Liverpool Bay by Seán Street

Liverpool Bay

The voice of a hand on my
arm. Less of me to answer
now, watching from here, waiting,
your ship rising from morning
towards the sunrise as two
great birds flew out to greet you,
took you with them through dawn light
past a shoreline to a skyline,
from a desert to a pool
of life’s possibilities.

The dialogue of breathing.
Where West pours in on the tide,
the exhale of East answers.
Water swims with memory,
but when I ask, it only
whispers to shingle. Too much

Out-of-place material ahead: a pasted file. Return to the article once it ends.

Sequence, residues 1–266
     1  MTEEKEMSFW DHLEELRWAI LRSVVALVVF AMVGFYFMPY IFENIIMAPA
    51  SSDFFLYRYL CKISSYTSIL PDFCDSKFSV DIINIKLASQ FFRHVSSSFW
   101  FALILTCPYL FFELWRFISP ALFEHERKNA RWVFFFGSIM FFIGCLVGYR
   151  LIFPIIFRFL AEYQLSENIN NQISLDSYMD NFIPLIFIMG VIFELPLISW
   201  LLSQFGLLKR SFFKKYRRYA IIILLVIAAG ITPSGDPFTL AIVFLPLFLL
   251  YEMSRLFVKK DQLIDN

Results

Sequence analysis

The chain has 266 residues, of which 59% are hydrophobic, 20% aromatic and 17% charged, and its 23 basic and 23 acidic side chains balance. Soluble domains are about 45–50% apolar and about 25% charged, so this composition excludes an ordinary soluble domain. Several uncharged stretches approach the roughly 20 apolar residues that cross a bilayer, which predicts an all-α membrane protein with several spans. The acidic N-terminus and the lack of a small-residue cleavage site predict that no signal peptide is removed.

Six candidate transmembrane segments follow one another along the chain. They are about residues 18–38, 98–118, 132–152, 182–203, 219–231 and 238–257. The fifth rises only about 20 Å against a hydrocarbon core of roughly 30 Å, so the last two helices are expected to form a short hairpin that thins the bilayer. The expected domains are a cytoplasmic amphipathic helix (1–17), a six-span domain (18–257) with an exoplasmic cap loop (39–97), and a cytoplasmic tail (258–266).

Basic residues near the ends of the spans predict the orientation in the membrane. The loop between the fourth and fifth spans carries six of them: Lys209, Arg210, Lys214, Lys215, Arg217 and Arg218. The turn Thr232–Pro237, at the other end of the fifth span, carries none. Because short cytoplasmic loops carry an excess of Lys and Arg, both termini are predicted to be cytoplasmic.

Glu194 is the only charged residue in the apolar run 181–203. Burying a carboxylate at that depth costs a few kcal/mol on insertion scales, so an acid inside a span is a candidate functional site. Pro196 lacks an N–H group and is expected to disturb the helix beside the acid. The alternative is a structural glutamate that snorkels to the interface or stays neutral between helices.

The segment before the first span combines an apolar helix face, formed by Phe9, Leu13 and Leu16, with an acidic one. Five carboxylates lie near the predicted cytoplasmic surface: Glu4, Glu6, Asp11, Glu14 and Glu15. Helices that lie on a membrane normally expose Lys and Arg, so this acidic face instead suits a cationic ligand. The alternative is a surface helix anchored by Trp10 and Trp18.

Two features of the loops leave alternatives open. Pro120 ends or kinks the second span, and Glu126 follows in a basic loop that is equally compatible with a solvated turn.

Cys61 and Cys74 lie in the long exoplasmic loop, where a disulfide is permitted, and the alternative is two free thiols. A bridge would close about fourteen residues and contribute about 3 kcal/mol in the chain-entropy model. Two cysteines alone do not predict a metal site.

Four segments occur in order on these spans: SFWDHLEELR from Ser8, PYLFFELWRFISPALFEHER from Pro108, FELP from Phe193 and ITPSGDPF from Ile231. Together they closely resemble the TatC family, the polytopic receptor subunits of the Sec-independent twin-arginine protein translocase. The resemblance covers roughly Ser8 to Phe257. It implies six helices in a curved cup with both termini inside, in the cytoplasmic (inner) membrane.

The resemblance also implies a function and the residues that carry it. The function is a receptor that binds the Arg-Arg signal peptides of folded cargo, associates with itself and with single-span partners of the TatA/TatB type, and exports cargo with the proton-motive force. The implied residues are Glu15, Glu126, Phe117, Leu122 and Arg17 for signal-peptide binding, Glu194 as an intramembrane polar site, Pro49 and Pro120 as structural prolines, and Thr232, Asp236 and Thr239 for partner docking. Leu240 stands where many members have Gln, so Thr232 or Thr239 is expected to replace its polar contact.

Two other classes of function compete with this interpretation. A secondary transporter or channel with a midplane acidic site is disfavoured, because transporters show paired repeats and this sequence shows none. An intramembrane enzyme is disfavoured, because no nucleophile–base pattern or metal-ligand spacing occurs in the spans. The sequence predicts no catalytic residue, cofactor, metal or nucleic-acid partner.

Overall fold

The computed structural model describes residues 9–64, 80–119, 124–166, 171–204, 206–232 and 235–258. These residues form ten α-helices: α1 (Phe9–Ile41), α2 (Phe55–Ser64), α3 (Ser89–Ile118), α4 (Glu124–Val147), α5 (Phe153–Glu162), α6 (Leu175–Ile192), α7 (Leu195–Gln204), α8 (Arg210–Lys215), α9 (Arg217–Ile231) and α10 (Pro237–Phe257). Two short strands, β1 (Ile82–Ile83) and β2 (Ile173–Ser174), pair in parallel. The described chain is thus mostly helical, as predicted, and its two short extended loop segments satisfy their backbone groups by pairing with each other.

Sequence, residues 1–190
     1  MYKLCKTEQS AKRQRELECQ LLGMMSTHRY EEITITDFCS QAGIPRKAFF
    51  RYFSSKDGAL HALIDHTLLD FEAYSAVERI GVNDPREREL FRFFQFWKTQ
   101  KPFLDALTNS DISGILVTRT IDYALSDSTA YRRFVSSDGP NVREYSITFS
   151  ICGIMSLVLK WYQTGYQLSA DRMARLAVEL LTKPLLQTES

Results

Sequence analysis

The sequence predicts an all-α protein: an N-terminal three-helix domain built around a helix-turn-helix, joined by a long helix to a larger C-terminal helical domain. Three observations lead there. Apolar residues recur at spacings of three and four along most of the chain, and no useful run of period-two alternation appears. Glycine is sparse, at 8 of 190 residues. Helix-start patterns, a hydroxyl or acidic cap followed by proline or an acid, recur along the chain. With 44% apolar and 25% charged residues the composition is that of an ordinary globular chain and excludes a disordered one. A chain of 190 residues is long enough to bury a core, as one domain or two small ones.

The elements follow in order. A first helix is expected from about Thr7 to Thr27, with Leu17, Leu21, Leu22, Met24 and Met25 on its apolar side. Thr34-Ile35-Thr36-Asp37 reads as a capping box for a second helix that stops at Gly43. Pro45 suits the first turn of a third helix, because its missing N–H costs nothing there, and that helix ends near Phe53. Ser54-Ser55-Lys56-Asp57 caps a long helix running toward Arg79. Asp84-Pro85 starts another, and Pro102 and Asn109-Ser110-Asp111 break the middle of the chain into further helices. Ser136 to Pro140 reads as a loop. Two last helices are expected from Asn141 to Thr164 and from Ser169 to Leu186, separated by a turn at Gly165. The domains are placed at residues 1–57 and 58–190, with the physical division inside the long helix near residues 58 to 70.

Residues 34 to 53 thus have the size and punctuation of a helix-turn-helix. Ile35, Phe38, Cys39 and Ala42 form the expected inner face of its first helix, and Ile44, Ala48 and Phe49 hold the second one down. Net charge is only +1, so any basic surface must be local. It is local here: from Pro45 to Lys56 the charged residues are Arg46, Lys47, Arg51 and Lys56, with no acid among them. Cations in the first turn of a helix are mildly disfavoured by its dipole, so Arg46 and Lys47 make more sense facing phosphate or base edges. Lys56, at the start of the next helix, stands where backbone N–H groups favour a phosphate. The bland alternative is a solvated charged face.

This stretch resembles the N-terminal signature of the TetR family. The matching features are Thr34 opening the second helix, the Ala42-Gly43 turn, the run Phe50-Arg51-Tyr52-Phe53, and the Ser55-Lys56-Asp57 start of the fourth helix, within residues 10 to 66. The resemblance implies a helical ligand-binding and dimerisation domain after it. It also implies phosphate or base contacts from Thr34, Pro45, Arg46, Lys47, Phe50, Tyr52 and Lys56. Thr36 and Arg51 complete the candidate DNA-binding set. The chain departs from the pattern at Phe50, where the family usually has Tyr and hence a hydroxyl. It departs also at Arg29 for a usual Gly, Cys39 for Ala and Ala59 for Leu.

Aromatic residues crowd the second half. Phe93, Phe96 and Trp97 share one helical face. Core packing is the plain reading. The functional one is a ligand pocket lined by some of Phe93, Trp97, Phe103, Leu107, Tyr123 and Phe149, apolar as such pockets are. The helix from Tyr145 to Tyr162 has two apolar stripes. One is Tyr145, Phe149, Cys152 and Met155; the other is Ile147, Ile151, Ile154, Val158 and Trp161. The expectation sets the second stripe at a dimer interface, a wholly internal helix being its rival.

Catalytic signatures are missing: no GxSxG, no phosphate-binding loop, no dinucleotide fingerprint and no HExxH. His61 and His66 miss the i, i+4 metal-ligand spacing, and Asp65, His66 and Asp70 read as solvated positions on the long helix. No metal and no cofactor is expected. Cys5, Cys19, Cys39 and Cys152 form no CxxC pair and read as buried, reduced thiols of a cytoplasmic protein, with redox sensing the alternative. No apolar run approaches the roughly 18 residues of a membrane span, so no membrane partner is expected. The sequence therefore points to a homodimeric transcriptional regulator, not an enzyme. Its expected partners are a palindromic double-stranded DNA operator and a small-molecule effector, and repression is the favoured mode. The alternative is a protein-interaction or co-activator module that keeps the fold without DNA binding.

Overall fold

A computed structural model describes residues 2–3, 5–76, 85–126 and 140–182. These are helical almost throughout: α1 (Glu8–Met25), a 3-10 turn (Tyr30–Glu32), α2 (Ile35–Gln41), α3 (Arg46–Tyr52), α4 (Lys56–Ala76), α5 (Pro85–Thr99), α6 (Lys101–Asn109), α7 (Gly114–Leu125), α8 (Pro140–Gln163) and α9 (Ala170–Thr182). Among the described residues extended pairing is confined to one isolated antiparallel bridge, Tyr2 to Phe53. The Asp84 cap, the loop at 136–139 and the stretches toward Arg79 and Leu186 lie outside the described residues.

to question an ocean,
too many conversations
murmuring here at once
in mid-flow. Too much to ask.

The dialogue of breathing.
How we come and go, we tides.
It is what seas make us do.
We come and go – breath and tides –
body heat’s ebb under moons,
the convection of spirit.
We’re printed here together
somewhere across all this deep.
Listen for voices, further
out each time the moon rises.

The voice of a hand on my
shoulder, and it’s you again
out there on the morning sea,
forever coming towards
me, and the city reaching
for the ploughed space in water
left by your lost ship’s grey ghost,
past a shoreline to a skyline,
forever coming back home,
coming in on the bay’s tide.

Liverpool Bay by Seán Street was commended in the Sentinel Annual Poetry Competition 2015 judged by Afam Akeh.